I love modern static websites, especially when paired with source control and continuous integration / deployment systems. Why? Because they’re super easy (and free, with GitLab or GitHub pages!) to host, but they still provide a lot of advantages that you get with a database-driven content management system, all wrapped in a simpler to understand package. Middleman is my static site generator tool of choice at the moment, and I’m a big fan of GitLab's workflow for source control and CI/CD tooling.
Branch, Merge Request, and Approval Workflow
The workflow provided by source control tools like GitLab or GitHub is super helpful for managing change for lots of things, including your website. The idea’s fairly simple - make a copy of the website as it is, make your changes, submit your changes for review by the rest of the group, incorporate feedback, and merge your changes into the real site once everyone’s happy with your changes. When combined with something like GitLab’s code owner mechanism, we can also make rules about who needs to approve changes - like your lead designer has to sign off on any changes to the site layout, or the CEO has to approve any changes to the home page before they get merged and deployed.
Enforcing a Design System
Let’s be honest, most web designers generally don’t like the idea of giving end-user content authors complete control over what a page looks like. People like changing font sizes… and fonts… and colors… and generally don’t think about things like branding standards, best practices, accessibility, or responsiveness. But, most of your content authors aren’t going to be HTML experts, either. This is why I use Markdown or, more often now, ASCIIDoc to actually write web content - it gives users the power to write structured content while providing fewer opportunities for them to shoot themselves in the foot design-wise.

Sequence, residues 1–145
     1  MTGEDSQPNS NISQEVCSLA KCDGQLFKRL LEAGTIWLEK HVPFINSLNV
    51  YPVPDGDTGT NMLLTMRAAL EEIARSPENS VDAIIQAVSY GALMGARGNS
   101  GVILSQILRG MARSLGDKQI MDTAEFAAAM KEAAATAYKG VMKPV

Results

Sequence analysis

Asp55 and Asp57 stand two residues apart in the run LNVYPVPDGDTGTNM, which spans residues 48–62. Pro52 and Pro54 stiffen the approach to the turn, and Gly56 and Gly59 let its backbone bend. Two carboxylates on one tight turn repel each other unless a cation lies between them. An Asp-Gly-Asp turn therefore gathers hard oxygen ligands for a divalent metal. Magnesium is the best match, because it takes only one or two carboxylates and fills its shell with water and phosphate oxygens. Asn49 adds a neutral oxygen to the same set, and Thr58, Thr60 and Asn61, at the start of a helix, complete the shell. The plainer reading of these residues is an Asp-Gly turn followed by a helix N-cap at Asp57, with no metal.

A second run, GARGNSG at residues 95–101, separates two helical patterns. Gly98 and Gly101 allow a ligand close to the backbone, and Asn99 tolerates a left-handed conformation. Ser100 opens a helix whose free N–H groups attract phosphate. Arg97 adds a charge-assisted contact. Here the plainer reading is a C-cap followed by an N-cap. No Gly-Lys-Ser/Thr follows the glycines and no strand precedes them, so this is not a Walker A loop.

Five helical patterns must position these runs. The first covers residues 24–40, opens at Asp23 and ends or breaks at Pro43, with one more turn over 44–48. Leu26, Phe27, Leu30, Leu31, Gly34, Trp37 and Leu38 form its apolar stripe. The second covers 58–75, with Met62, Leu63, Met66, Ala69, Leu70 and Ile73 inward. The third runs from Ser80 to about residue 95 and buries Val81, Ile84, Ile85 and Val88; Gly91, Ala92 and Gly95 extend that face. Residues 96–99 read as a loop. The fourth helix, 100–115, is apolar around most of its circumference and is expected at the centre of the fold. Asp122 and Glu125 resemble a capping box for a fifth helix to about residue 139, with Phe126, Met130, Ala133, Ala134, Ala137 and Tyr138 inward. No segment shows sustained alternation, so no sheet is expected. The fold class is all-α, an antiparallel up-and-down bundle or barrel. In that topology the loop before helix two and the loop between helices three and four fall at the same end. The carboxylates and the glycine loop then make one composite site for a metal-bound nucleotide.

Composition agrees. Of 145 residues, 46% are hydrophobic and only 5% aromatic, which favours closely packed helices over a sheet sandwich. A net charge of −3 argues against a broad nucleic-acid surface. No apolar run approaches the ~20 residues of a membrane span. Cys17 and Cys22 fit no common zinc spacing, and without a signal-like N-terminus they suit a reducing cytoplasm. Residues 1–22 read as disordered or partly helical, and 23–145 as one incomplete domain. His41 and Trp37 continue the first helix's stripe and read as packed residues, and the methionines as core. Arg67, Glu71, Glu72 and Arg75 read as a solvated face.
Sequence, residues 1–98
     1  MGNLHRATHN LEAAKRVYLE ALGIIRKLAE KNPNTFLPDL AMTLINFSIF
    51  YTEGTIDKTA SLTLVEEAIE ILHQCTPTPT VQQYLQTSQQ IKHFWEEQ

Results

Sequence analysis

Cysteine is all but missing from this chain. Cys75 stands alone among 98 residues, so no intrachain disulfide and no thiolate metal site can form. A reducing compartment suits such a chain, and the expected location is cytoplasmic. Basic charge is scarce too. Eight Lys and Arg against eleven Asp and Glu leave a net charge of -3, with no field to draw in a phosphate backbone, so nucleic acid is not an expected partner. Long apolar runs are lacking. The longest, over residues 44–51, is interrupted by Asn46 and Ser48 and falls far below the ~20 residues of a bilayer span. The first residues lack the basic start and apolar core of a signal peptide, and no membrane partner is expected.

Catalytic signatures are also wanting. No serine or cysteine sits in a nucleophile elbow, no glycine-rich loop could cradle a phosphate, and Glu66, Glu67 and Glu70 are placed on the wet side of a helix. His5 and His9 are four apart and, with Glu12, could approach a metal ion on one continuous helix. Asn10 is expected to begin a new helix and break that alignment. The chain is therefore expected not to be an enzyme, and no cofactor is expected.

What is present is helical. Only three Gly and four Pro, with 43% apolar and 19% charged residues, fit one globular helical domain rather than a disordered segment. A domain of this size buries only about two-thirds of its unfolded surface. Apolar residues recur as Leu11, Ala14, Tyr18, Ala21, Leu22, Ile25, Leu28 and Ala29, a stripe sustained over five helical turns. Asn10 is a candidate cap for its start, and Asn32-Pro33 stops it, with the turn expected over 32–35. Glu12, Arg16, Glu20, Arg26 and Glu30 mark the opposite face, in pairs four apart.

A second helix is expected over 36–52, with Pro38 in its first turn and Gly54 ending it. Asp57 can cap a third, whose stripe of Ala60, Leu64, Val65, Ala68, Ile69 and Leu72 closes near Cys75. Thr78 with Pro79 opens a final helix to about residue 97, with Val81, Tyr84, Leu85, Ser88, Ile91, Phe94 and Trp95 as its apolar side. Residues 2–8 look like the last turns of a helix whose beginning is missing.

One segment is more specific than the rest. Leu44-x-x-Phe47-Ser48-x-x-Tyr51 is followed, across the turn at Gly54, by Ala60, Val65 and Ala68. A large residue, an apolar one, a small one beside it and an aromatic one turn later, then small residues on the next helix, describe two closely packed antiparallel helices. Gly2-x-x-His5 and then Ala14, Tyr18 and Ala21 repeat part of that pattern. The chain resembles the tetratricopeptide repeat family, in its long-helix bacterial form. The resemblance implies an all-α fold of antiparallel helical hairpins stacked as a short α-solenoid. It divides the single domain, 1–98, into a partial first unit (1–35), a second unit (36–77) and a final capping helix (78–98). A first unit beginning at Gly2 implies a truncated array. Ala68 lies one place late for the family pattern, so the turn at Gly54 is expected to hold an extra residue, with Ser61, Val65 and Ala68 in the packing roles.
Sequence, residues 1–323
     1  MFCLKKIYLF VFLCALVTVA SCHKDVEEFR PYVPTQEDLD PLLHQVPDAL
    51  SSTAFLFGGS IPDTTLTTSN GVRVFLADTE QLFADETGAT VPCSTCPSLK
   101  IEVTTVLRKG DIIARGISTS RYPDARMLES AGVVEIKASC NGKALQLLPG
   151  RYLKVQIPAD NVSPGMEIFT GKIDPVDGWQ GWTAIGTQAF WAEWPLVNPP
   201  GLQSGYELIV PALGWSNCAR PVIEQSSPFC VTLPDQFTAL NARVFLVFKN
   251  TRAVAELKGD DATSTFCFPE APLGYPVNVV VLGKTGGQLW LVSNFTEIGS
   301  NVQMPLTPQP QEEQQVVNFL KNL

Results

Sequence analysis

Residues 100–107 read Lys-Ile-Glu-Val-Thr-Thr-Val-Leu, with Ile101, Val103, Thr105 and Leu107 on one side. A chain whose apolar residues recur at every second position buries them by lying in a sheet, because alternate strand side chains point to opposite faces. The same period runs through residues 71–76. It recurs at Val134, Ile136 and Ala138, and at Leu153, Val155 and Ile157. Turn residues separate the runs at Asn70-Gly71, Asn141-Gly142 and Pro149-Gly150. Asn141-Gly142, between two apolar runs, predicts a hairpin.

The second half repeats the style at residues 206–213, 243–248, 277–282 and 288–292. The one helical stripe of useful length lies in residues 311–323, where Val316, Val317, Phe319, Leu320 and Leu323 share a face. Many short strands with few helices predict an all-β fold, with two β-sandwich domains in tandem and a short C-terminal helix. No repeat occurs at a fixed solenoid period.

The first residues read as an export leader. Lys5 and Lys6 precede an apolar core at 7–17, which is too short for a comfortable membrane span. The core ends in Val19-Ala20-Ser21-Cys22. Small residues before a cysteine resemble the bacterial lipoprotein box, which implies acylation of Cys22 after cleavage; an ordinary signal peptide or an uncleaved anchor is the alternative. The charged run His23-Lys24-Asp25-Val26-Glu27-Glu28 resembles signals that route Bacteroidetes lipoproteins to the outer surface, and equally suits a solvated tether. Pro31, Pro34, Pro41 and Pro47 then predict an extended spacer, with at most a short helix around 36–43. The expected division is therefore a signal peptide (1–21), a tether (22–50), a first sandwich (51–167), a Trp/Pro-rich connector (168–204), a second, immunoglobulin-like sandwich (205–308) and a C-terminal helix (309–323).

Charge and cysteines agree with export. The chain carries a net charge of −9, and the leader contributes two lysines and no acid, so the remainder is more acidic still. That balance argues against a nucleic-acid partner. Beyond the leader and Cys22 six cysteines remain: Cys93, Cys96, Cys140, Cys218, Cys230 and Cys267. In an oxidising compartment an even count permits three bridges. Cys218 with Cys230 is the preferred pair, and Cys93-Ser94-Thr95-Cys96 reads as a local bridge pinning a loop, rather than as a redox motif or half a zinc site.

This is usually doable in traditional web-based content management systems, but it usually feels clunky and requires additional plugins to work well. Static site generators do this out of the box - and it’s just as straightforward as adding any other content, even from inside of ASCIIDoc or Markdown. This also ties in very nicely with…
The ability to create & reference structured data is one of my favorite features of Middleman, and may other static site generator tools have similar capabilities. I can create JSON or YAML files as part of a site and reference that data inside of page content - or build entire pages or components around it. You can also usually attach arbitrary data to individual pages as well, and make use that data on the page, in layouts, or on other pages.
Ease of Migration
Both coming to a static site structure and going to a different generator tool or a traditional content management system is pretty easy. Static site generators just assemble and modify HTML - so migrating off of another platform can be as simple as grabbing the HTML source of your pages and doing some copying & pasting. These tools tend to work fairly similarly, so changing tools may be as simple as renaming some folders and adding a new configuration file.
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